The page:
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Based on the opinions of several political pundits, it appears the Democratic presidential race between Hillary Clinton and Barack Obama will go to the fall convention and will be decided by party insiders called superdelegates.
This could potentially be a disaster given the differences of race and gender. There has never been a presidential race like the one we have between Obama and Clinton.
If the election is unfairly decided by party insiders, the base support of the losing candidate would likely be fractured and probably would not have time to fully mend before the November general election.
The best scenario for the Democratic party is for either Obama or Clinton to go into the convention with such a compelling lead in pledged delegates that even the most ardent supporters of the candidate who has the least amount of pledged delegates would be hard pressed to overrule the will of the people by insisting their candidate receive the support of the superdelegates.
The issue of fairness in the 2008 presidential race is on center stage more than it has been at any time in the history of the Democratic Party.
In a just and fair society, it is important to respect the will of the voting majority. American citizens are intelligent enough to elect a president.
History will judge whether the citizens of this nation made the right decision in the selection process.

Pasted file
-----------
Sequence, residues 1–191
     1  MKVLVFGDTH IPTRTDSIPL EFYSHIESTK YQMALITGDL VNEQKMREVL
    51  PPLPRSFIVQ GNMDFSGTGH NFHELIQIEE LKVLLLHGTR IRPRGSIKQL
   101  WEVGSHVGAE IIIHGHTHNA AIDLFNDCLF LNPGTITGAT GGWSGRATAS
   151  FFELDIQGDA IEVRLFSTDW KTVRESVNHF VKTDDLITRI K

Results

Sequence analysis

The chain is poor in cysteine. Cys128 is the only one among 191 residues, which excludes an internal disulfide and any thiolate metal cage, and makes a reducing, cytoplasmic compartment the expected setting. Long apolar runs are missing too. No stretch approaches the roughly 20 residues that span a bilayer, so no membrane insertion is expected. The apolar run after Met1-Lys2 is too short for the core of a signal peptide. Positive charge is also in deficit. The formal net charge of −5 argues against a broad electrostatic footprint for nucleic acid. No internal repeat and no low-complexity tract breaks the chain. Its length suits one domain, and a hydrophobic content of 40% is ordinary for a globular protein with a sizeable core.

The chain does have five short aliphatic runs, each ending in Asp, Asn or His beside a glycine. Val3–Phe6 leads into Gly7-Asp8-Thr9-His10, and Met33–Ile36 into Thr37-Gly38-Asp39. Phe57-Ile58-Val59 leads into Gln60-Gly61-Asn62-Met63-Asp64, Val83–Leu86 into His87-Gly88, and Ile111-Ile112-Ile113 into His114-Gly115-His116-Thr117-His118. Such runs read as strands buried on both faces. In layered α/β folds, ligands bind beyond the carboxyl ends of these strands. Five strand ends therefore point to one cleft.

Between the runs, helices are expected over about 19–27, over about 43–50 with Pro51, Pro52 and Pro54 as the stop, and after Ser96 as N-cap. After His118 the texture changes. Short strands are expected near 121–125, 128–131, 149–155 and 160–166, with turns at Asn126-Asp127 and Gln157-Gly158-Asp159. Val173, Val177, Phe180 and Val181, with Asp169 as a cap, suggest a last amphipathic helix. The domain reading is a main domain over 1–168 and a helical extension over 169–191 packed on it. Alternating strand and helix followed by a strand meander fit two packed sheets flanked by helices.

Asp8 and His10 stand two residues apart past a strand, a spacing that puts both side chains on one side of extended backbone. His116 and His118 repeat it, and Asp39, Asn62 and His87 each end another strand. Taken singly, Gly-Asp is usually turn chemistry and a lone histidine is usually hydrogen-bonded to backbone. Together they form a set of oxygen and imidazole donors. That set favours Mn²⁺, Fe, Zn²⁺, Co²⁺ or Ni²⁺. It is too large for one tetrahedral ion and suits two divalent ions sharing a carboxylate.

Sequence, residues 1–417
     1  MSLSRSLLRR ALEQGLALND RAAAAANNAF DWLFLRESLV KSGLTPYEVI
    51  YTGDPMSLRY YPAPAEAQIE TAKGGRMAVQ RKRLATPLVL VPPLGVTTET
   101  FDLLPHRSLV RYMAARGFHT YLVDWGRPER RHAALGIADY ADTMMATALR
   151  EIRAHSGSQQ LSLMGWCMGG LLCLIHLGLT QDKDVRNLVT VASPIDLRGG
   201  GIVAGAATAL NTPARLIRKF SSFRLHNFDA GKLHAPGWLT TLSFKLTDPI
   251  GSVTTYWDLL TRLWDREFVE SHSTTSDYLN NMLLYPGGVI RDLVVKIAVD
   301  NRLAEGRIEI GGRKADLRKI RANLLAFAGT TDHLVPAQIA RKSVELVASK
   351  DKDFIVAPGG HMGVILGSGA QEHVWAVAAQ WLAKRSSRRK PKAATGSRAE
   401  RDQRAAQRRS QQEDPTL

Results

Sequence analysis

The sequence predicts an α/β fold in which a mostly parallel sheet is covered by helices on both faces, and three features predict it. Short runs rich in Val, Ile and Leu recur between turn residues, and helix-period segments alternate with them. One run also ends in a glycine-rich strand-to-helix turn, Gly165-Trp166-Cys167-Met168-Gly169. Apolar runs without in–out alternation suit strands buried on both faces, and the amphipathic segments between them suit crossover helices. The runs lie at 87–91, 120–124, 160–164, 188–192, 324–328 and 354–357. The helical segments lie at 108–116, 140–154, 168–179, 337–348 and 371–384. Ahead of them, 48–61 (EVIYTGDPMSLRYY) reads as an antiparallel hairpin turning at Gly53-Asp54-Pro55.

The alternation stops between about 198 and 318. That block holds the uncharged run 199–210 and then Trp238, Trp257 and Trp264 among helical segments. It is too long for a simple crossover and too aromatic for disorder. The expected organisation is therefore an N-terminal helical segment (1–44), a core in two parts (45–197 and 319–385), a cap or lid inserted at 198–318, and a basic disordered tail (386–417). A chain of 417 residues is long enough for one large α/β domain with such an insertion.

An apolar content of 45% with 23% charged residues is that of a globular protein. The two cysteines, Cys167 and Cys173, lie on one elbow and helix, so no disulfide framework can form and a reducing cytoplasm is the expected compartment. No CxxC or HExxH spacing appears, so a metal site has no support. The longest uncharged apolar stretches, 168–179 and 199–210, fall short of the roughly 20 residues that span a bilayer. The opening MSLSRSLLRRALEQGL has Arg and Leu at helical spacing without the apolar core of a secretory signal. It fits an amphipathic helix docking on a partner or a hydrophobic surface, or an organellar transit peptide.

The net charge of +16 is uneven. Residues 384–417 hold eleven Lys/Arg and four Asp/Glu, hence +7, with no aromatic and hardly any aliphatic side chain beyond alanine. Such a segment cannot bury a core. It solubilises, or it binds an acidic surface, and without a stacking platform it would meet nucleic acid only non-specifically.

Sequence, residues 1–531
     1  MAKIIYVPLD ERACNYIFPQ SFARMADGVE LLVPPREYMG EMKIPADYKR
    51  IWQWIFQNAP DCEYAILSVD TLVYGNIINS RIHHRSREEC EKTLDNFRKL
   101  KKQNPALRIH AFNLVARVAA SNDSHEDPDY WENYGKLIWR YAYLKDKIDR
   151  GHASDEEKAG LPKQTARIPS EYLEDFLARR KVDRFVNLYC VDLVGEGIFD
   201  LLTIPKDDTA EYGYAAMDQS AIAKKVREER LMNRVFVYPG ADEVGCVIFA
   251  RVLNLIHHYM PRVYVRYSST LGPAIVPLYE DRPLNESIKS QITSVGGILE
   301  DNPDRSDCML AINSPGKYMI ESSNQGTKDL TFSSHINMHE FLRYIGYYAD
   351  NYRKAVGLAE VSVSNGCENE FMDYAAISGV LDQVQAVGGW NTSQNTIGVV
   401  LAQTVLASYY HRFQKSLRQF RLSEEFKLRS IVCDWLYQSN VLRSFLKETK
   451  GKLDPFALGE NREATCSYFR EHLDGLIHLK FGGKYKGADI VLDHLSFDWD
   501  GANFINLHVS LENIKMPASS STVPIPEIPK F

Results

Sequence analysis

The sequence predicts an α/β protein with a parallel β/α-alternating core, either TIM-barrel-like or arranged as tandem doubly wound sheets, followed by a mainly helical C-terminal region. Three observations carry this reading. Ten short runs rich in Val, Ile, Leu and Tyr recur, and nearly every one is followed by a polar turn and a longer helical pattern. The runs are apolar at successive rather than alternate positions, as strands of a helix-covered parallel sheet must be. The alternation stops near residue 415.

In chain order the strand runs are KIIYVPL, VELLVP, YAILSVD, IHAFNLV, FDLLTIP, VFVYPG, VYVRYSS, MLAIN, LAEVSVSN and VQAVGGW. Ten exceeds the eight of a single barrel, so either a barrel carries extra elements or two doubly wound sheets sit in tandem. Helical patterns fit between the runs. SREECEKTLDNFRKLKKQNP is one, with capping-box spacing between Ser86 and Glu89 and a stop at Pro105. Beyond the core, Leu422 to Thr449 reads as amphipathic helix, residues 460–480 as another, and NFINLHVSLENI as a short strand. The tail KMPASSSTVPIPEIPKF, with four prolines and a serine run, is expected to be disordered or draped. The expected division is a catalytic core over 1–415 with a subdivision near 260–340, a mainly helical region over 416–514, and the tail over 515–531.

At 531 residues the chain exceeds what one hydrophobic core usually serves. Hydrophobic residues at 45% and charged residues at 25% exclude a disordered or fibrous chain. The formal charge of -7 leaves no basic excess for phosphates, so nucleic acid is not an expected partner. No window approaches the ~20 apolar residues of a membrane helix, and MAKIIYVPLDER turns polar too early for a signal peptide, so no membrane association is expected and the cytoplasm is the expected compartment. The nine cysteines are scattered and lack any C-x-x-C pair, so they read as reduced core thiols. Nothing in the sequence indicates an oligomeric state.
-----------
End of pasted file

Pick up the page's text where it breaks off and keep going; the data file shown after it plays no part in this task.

After some extensive research into the history of the superdelegate rule, it is difficult to fully understand as to why the Democrats decided to institute the superdelegate rule.
It appears many party insiders believed the comprehensive changes initiated by George McGovern in 1968 took too much power away from party insiders. There was a feeling some kind of reform in the election process was needed.
In response, the super delegate rule was instituted after the 1980 election. (Source: Wilkipedia the free encyclopedia)
It has been implied by some political pundits that the 1982/84 super delegate rule was really the Gary Hart/Jesse Jackson rule. It was instituted to control candidates who were not mainstream insider political candidates.
It is interesting to note in 1984 neither Walter Mondale, Gary Hart nor Jesse Jackson had the required 2,025 pledged delegates when they went to the convention.
The superdelegates sided with the established candidate, Walter Mondale, who ran against Ronald Reagan for the presidency. He was soundly defeated in the general election.
The superdelegate rule did not cause that much stir in 1984 because Hart had lost a lot of support because of an illicit relationship with Donna Rice, which was uncovered during the election year, and Jesse Jackson failed to receive enough pledged delegates to make an argument that he deserved the nomination.
But it is interesting to note during Jackson’s second bid for the presidency in 1988, he was the front runner and he eventually won 11 primaries before losing the nomination to Michael Dukakis, who was soundly defeated by George Herbert Bush in the general election.
Based on the latest Democratic delegate information, there are some 3,252 pledged delegates (delegates based on the vote of the people) and 796 superdelegates (delegates who include governors, senators, congressmen and other specified officials).
Combined pledged and super delegates are 4,048.
A candidate needs 2,025 delegates, a little more than half the delegates, to secure the nomination.
I hope the superdelegates will consider the will of the people. The general public is intelligent enough to choose their leaders.
Voting against the will of pledged delegates in this election year will cause major problems for the party and for the image of America.
micheal darby of Supply has master's degrees in divinity and religious education. He is the pastor of New Mount Zion Baptist Church.For more information, visit his Web site at http://bigceousa.org.